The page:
Jamie Getz, LCMHC
I took notes during a “Zoom” staff meeting on Tuesday and turned my notes into a blog by the end of the week. A lot resonated with me and I felt compelled to share. Most of what we discussed about memories and the topic was introduced, not by another one of our therapists ( who work with the metrics and memories as a part of their professions), but by our Office Administrator, a wonderful woman of Faith and great insight, and also one who is connected to each of us and aware of the dangers of compassion fatigue and decreased self-care for mental health providers in the midst of a pandemic that is currently sweeping across our world and through our very nation, home by home, office by office, market by market, changing what everyone thought was their “normal”. This is a time of heightened anxiety for all of us, the caretakers, and the cared-for; This viral infection isn’t selective.
Memories emerged as our topic when we were invited to bring an object of value to the meeting. I was going to bring the “perfect” thing. A thing of not only great value, but also worth gold in memory, experience, or tradition. I was going to bring something near-magical, with Christ-like depth and symbolic of my very purpose in this world. And then I ran late. My phone call went five minutes over and my coffee was disappointedly cold and I had no lunch for the “Lunch meeting”, so off to the coffee pot I ran, to splash some hot to mix with the cold before leaping into my desk chair, connecting to Zoom and silently saying Grace over my now luke-warm-at best- cup of Joe, a.k.a. “Lunch”. I didn’t have the “perfect” thing to share. I didn’t think I had anything at all to share.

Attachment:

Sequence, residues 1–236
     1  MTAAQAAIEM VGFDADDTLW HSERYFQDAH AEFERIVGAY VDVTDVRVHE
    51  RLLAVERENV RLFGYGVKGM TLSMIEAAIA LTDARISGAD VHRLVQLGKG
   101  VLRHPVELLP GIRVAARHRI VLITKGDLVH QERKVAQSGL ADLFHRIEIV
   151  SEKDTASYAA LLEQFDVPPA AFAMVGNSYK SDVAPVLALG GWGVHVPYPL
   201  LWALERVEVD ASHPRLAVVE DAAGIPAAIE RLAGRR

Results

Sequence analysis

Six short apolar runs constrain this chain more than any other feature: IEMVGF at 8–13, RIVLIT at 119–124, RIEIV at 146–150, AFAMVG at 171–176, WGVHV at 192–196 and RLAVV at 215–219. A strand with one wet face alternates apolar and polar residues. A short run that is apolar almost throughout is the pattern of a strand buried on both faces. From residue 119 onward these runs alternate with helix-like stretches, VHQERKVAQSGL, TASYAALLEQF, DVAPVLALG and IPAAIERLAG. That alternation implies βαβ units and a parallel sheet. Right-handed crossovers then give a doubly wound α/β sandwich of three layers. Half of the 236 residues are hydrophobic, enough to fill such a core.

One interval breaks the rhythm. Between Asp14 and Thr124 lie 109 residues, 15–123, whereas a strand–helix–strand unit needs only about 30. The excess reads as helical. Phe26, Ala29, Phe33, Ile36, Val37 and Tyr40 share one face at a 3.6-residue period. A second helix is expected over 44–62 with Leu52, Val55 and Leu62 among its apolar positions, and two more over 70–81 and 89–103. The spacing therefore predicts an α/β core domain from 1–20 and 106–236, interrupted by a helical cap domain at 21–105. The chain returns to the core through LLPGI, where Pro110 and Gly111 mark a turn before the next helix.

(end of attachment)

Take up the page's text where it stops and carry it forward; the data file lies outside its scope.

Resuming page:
Though it was a rough start, the meeting went really well.
Turns out that the coffee mug I had chosen for the day read “Fighter” and the Lord and those closest to me know about the storms I have recently endured and the battles that I am working through now; ones that God has already won. The coffee mug was a gift from a friend who has been beside me during the building of something big, something that impacts many and will continue to. A neat place that was values-based and kid-centric, a place unique to our original vision and revolutionary purpose. When It was abruptly taken from me, she was right there. As she had been for the rise, she was there for the devastating fall. Once inanimate on the shelf of a store, it had become part of my story. It had become one of my anti-anxiety agents- one reminder that with God, I was stronger than the storm.
Memories are quite intricate and powerful things. They are certainly God-crafted, His name written all over them. We have a brain and body designed to lock in memories to keep us safe, terrifying memories to provoke protection and fear; to activate our fight, flight, or freeze behavior to allow us to defeat, run, or hide from our enemies. We have powerful pleasant memories, to help us recall peace, contentment, closeness, or fun; to remind us and pull us from the depths of our sadness into a memory of a time when it wasn’t too dark to see.
I have lots to share about our brains- the hippocampus, cerebral cortex, amygdala, semantic memory encoding, and so on, to describe the intricacies of our human design, but that would bore you and you would stop reading. Instead, I will tell you that all of our best-inscribed memories are linked to big emotions and meaning-packed experiences, with a large dose of sensory stimulation dumped in. When I speak of the senses, I am speaking of touch, sight, hearing, tasting, and smelling – the latter, the olfactory sense, being the strongest tie to memories, for better or worse.
Take for example fresh-baked chocolate chip cookies. For most, they remind us of our childhood and times in the kitchen with our Moms or Grandmothers. The smell is interlaced with happiness and comfort, joy, and childlike sweet rewards.